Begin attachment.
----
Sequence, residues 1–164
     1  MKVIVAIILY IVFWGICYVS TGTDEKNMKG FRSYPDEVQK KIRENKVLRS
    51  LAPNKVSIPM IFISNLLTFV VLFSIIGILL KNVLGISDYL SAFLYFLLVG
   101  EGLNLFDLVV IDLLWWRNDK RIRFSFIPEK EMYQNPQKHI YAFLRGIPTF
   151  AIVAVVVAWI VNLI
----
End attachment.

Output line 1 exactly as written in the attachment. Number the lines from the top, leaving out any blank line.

Sequence, residues 1–164